Besides gold, the area holds deposits of copper, zinc, lead and silver, all forged by ancient volcanoes over millennia. And all are in demand. The United States Geological Survey includes zinc — used in building materials like gutters and galvanized nails — in its 2022 list of critical minerals. (The Biden administration recently recommended expanding domestic mining of these minerals to combat the “over-reliance on foreign sources.”)

Traditional Pueblo cultural sites, acequias, a vibrant recreation industry, habitats that support at-risk and endangered species — all would be imperiled if the project moves forward, coalition members argue. They cite the old Tererro Mine as a cautionary tale. 

“Mining would benefit a rich corporation and a few people that are gonna make money on it, but not the community and not our heirs in our future,” said Janice Varela, a local watchdog and San Miguel County commissioner. “Our livelihoods are at stake.”

Rust-colored effluent percolates through the wetlands below the Pecos Mine Site Reclamation Project and flows into Willow Creek, a tributary of the Pecos River. Nadav Soroker/Searchlight New Mexico

Old law rears its head

The coalition’s battle isn’t just against Comexico, though. It’s also against the General Mining Act of 1872, which grants the right to prospect and mine on federal lands. The majority of the company’s mining claims are within such federal property — the Santa Fe National Forest.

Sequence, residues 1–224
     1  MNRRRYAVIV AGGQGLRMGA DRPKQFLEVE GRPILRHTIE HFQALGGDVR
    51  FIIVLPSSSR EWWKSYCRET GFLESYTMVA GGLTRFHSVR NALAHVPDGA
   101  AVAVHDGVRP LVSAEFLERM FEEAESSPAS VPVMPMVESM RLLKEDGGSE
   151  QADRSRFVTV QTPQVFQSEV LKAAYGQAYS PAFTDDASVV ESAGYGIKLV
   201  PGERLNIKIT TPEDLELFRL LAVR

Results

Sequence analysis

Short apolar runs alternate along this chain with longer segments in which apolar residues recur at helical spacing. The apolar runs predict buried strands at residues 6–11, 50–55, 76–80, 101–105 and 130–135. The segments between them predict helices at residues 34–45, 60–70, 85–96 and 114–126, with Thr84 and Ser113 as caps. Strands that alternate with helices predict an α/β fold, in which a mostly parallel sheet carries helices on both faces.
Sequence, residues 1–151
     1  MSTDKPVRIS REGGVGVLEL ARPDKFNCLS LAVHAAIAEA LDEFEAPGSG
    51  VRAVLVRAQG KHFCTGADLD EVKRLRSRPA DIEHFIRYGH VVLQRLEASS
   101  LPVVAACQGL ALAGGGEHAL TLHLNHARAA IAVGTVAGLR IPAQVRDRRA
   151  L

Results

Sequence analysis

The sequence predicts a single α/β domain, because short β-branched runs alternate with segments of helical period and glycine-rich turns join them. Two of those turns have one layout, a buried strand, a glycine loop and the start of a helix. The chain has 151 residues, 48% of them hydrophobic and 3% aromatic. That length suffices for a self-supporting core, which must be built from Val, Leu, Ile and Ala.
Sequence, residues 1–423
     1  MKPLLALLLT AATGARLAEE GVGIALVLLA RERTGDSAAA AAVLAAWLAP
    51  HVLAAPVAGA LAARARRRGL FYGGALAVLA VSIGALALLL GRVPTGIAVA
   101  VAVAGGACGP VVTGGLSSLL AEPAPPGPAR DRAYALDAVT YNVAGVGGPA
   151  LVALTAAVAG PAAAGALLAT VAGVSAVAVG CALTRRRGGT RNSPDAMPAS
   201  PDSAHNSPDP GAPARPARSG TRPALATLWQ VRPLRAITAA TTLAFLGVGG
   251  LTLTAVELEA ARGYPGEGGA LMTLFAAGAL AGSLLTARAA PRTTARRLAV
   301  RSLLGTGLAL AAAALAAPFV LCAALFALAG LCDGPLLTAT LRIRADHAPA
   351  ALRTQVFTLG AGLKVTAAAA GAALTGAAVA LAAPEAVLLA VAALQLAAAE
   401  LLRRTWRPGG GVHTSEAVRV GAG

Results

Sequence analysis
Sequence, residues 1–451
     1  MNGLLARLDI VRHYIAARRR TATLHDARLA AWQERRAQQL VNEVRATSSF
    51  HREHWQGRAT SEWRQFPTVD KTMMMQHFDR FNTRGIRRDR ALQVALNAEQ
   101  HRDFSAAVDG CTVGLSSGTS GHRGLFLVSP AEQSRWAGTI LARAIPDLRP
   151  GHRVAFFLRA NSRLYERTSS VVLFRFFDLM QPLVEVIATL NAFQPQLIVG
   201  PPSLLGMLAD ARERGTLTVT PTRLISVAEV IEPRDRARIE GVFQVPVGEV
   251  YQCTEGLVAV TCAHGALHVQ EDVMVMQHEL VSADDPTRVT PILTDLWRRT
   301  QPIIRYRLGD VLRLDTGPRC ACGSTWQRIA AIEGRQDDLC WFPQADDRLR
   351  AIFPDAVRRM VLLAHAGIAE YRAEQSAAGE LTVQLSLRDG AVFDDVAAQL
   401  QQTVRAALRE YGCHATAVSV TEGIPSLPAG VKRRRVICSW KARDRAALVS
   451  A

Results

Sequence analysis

“That mining law is what needs to be changed because no tribes were invited to the table when it was made,” said Michael Martinez, a member of Ohkay Owingeh Pueblo and the Reserved Treaty Rights Lands Coordinator for Tesuque Pueblo. “They would’ve all said no.” 

Lands stretching all the way to Lake Katherine in the Pecos Wilderness make up a broader “Pueblo world,” said Joseph “Brophy” Toledo, a spiritual leader at Jemez Pueblo who also has roots in Tesuque Pueblo and the historic Pecos Pueblo. Ceremonies are still performed there, Toledo, an herbalist, added. “That is a very sacred place to my people.”

“Our anatomy is the same as Mother Earth’s. And when you look at yourself as an Earth person, everything that is on Mother Earth is part of you. When mining companies come in and they start drilling, it’s like them drilling through you…They’re going through all your veins, your arteries, and they’re going through the heart.”

Signed by Ulysses S. Grant to encourage westward expansion, the 1872 law is widely reviled and has been characterized as a “sustained, systemic swindle.” But it’s been baked into the system for so long that it’s almost impervious to revisions. In 2020, the All Pueblo Council of Governors passed a resolution supporting “federal legislation to reform the 1872 Mining Act to protect Pueblo lands, sacred sites and water resources.” But the U.S. House bill they were backing failed to make it out of committee. 

“The law really needs to be improved so that mining rights and claims can be denied when the environmental consequences are so high,” said Sally Paez, staff attorney at NM Wild.